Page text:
Meditative state that Yoga creates is where we are able to witness the present moment if not without thoughts, then at least without the feelings that these thoughts create. Our never-ending thoughts and feelings sap and dissipate our energy. Have you ever noticed that just sitting and turning over in our mind the thoughts that fill it we can get worn out?

I am not sure it is entirely possibly to turn off the thinking process altogether, probably not. Even Patangali in his Yoga Sutras hints at this in the second Sutra: "Yoga is the restriction of mental fluctuations." The Sanskrit word nirodhah translates as restraint. When the mental energy trapped in the thinking process is released, it can be directed and controlled, and it brings with it a sense of freedom, moksha. Yoga has developed many tools to achieve this: asanas, pranayamas, mantras, which can be chosen to suit the practitioner. This criteria is a good one to use to evaluate the effectiveness of your Yoga practice - if the  mental grind and chatter do not subside as a result of your Yoga efforts, you need to look at the other tools in the Yoga toolbox.

Thoughts are for the most part illusions, a kind of a smokescreen that prevents us from seeing the situation clearly and truthfully. Most thoughts reflect a rather distorted perception that has been colored by our previous experiences, our samskaras (prejudices), and fears. Memory is a kind of bondage: we become dependent on it for understanding out present and predicting our future. Memory, however, is an unreliable source of information, because it is selective and can distort perception to suit our psychological defenses. It takes enormous energy to maintain psychological defenses, because they create a vision of reality that sometimes directly contradicts it. It takes a lot of work not to notice reality! It is exhausting and stressful.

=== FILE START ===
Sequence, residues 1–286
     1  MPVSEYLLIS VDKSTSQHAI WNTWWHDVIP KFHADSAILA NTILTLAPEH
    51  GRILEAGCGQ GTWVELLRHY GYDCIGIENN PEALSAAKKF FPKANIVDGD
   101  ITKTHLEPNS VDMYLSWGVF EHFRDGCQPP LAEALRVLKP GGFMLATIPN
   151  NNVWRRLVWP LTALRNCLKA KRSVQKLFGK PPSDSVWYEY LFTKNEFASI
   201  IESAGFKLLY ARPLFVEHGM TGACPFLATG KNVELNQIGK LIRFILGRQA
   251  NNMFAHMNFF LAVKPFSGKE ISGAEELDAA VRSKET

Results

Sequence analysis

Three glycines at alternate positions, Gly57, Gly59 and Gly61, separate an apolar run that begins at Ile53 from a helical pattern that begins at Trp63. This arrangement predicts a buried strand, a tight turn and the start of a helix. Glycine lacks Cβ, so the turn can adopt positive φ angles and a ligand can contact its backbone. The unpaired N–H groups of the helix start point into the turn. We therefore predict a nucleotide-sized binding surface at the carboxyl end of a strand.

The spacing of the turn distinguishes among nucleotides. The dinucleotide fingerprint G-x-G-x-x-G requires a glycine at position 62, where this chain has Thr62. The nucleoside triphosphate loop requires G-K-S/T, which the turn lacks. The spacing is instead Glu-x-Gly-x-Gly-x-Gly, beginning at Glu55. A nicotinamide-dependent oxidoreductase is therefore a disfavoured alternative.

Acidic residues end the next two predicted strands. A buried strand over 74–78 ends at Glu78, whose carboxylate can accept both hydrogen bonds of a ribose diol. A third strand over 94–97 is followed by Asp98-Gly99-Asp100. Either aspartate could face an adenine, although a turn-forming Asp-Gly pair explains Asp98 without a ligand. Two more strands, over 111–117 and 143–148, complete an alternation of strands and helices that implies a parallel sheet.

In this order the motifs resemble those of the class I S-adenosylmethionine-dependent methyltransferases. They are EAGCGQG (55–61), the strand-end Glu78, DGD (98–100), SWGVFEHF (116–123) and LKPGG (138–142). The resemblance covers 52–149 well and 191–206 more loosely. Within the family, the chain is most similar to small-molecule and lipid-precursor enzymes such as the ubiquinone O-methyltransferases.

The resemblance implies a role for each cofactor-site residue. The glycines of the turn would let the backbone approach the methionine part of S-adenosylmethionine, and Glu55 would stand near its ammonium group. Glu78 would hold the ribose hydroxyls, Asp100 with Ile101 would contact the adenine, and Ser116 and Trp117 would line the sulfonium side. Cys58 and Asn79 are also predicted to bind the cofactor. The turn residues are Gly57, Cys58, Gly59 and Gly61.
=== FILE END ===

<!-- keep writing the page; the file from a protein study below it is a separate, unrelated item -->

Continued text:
When we restrain this inner monologue of the thoughts running rampant, we can experience the kind of freedom and elation that can sometimes be achieved with potent psychotic medicines and drugs. Be warned, I would advise moderation in this pursuit also, as in everything else, but if I had to be addicted to something, I think I'd rather be addicted to Yoga. It is free, accessible any time with a few long exhalations and a minute or two of concentration on the sensations of the present moment. It is in that inner space that we can see the true nature of things, and see ourselves the way we are, without distortions.

A word about fear. Fear often prevents us from even trying - we develop many ways by which we protect ourselves from the brutal reality, because we have not developed the skills and the strength to deal with it. But to admit one's weakness is already the first step towards freedom. We only need to see just how destructive fear is, the way it makes us do absurd and illogical things, to revolt against being enslaved by fear. Fear is a rejection of reality that is too painful to bear. The source of fear is our dependency on things, people, and circumstances because we do not know ourselves. It is through the process of Svadyaya, or self-study, that we can overcome fear and find a way to be free. That is next on our list of things to discuss!


Anna M.